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 By Michael Cox

Olivier Giroud impresses, Arsenal beat Everton to top the Premier League

LONDON -- Three thoughts on Arsenal's 2-1 win Saturday vs. Everton in the Premier League.

1. Arsenal win to go top

Arsenal's victory sends them top of the league for the first time since February 2014, underlining their title credentials. It wasn't the prettiest victory; they started slowly and conceded before half-time when they'd appeared in a commanding position, meaning there was more tension than necessary going into the second half.

Their two goals came in the space of 106 first-half seconds, two headers from two Frenchman: Olivier Giroud and Laurent Koscielny. When the former opened the scoring, it seemed inevitable a second would follow shortly, because this is generally what Arsenal do: They play in spells.

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Their goals in the recent 3-0 thrashing of Manchester United, for example, came in the space of 13 minutes, exactly the same period of time in which a trio were scored against Watford a week ago.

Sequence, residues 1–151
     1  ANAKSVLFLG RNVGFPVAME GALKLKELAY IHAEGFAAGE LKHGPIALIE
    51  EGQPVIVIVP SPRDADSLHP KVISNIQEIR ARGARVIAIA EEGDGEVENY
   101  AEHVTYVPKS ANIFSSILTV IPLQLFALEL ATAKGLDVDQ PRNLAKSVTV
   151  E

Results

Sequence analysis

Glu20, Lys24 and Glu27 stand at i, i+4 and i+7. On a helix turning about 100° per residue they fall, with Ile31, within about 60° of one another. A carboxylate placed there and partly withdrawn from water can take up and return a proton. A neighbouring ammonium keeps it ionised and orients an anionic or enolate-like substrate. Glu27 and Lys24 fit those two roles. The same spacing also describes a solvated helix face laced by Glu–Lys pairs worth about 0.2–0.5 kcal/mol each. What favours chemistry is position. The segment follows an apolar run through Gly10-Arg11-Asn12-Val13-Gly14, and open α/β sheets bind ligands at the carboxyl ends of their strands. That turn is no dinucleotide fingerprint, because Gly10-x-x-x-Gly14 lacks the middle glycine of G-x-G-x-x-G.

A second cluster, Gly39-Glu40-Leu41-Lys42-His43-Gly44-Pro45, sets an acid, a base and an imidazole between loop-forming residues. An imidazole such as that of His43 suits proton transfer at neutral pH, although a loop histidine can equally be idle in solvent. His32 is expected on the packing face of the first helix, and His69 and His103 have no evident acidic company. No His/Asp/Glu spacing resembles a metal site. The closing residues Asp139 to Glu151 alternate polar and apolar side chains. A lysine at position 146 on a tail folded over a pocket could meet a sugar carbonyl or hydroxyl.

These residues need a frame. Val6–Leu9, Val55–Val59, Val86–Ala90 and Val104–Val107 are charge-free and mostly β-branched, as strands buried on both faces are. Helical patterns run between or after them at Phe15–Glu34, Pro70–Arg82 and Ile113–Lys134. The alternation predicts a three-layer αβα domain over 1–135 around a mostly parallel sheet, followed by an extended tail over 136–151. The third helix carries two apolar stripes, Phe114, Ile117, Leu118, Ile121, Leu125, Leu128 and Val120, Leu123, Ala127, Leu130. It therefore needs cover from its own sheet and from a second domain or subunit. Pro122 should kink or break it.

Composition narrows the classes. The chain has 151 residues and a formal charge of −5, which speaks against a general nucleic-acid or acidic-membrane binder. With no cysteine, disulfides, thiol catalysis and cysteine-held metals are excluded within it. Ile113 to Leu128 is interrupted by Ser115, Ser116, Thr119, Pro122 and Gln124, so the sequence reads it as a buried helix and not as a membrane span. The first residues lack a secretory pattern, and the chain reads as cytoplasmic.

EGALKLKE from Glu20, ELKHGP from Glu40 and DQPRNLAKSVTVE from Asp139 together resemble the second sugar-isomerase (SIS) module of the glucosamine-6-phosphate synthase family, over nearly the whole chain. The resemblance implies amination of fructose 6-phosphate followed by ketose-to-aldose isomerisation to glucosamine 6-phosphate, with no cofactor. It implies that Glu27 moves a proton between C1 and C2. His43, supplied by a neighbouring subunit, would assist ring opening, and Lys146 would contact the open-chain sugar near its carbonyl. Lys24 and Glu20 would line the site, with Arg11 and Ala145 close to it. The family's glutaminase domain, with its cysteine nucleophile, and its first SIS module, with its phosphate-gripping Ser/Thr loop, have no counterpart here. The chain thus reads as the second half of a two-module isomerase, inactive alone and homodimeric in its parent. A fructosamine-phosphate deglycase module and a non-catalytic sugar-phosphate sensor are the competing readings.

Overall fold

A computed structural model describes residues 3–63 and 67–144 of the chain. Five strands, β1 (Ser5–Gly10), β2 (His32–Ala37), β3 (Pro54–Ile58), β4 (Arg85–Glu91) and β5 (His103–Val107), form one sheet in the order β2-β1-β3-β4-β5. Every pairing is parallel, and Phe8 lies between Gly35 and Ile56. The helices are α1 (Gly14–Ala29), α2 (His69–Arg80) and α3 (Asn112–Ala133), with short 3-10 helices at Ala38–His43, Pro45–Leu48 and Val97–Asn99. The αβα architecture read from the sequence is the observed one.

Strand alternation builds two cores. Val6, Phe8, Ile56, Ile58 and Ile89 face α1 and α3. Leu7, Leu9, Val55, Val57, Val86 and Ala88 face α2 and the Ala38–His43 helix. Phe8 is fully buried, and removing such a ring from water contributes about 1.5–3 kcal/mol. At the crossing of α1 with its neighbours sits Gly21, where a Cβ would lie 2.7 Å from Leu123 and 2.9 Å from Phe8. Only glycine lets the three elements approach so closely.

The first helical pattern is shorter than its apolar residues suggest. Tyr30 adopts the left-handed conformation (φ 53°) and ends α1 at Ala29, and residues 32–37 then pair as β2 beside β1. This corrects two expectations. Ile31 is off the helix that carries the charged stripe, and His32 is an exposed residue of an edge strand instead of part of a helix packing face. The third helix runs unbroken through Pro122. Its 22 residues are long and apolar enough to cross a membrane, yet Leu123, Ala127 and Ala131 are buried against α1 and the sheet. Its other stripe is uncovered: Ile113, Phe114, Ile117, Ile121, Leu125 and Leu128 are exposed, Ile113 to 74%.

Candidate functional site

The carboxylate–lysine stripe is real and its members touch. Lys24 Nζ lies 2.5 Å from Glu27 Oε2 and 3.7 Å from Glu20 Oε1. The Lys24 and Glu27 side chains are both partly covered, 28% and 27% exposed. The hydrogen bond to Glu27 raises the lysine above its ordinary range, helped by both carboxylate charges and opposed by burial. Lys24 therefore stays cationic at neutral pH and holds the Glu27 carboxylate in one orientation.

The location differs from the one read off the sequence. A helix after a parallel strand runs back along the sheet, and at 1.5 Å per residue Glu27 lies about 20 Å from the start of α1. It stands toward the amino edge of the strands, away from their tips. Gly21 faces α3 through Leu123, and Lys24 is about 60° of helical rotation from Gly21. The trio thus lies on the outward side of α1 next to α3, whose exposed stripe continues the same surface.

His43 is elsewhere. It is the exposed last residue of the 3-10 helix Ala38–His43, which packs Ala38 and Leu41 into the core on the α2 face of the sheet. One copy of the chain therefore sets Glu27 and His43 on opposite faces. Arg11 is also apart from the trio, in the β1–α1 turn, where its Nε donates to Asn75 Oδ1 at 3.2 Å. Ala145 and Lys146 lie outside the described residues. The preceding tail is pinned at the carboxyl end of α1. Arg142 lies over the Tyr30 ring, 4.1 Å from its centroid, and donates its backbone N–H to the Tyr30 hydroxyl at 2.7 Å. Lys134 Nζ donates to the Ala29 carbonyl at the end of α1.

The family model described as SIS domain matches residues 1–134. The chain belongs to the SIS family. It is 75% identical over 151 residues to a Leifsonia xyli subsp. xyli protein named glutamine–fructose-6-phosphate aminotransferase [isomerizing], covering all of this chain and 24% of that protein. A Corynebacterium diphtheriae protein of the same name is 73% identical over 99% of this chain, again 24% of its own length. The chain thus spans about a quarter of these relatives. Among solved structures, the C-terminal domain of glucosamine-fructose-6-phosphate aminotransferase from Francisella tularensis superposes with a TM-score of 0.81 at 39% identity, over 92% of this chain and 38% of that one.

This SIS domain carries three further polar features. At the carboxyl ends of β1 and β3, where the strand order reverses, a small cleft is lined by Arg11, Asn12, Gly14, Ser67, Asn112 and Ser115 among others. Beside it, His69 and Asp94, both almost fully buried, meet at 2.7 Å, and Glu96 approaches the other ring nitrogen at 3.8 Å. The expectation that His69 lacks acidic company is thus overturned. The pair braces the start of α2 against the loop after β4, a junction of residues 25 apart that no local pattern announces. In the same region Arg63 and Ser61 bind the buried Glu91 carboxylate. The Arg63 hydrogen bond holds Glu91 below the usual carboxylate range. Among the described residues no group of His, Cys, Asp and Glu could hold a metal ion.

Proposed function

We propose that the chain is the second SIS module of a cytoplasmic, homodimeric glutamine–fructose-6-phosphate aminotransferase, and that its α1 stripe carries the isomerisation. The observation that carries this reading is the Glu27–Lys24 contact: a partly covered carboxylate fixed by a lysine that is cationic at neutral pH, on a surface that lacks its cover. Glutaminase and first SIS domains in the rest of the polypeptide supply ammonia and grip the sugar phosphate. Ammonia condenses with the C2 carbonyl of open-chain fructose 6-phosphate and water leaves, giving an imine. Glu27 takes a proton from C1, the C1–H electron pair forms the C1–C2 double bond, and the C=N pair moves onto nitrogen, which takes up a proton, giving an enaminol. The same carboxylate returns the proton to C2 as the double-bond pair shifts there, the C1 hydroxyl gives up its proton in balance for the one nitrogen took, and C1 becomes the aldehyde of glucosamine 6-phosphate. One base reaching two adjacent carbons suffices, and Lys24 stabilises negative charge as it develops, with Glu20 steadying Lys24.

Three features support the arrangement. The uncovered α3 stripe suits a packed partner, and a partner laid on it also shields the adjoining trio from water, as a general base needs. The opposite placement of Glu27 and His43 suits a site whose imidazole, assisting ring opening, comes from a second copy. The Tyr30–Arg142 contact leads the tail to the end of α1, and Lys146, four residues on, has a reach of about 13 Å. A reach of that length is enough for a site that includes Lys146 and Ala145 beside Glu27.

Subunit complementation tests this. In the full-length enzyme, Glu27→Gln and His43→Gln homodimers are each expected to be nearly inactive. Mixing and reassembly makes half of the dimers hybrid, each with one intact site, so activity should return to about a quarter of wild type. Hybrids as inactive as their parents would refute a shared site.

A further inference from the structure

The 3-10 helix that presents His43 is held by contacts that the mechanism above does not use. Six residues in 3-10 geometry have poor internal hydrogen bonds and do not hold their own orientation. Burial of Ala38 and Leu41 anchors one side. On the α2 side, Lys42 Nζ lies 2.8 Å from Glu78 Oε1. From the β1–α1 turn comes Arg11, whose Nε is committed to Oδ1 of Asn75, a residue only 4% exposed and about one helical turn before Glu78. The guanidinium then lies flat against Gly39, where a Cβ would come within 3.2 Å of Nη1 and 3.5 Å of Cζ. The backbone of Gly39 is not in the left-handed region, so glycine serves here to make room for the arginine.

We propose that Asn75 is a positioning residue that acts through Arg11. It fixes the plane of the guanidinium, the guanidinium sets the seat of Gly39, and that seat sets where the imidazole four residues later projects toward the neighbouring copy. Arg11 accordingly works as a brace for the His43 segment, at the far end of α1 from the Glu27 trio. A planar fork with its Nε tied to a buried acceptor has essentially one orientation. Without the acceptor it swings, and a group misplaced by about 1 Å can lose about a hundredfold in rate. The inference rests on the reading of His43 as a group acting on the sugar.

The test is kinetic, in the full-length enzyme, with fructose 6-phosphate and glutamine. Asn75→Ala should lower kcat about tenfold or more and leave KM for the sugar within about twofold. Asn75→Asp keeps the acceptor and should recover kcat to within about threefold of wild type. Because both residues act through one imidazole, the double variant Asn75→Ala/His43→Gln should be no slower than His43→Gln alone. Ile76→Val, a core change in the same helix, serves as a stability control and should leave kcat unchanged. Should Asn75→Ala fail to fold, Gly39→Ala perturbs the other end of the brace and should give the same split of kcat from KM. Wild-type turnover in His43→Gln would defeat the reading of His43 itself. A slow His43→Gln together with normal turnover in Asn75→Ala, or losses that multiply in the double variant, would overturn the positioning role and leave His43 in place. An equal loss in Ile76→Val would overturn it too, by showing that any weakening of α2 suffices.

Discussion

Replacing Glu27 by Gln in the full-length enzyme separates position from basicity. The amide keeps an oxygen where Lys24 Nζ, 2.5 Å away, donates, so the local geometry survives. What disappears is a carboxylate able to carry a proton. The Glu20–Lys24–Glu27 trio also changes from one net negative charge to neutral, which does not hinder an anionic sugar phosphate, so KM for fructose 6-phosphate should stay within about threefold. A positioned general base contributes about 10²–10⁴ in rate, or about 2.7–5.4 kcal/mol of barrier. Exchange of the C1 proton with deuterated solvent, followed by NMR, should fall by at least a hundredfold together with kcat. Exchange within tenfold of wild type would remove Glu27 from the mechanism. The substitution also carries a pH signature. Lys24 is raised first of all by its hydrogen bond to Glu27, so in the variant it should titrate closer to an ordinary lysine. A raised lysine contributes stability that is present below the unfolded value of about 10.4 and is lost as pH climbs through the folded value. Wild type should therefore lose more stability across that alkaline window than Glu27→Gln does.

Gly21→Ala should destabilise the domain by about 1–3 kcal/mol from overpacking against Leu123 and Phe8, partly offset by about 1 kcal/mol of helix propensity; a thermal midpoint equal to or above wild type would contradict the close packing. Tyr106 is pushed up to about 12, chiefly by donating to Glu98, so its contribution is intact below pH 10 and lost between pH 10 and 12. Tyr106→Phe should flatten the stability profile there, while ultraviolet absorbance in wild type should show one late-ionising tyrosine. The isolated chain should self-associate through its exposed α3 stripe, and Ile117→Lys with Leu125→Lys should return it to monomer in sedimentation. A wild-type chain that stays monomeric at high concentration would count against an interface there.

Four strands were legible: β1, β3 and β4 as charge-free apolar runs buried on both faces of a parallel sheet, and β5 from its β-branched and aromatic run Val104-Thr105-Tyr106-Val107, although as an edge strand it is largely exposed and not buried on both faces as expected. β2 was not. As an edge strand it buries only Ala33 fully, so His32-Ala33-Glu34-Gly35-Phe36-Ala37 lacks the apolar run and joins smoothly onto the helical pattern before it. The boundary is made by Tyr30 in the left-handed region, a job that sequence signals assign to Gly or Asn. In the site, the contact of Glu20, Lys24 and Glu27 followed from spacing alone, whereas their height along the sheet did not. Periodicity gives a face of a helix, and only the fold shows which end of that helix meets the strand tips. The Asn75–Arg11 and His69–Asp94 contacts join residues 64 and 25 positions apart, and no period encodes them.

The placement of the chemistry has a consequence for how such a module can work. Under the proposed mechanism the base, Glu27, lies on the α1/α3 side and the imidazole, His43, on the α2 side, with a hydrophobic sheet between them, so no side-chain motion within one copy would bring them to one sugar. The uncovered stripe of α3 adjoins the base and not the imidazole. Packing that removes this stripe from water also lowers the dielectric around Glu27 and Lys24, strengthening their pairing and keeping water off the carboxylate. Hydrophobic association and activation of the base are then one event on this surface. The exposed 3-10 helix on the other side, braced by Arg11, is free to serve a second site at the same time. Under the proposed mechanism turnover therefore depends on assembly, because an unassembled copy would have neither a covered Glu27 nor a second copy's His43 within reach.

It's rare to see Arsenal play scintillating football for an entire match, but when they have momentum, they're capable of blowing away opponents. Few teams are so dependent upon confidence, and the quality of atmosphere at the Emirates is also largely based around form.

Arsenal's game management, though, was poor. They pushed men forward and left themselves open to counter-attacks, and the drop in intensity in the second half was very noticeable. It was hugely surprising Wenger didn't introduce a substitute until the 82nd minute, as Arsenal badly needed fresh legs at an earlier stage.

Laurent Koscielny, left, scored his first goal since February to give Arsenal a 2-0 lead in the 38th minute.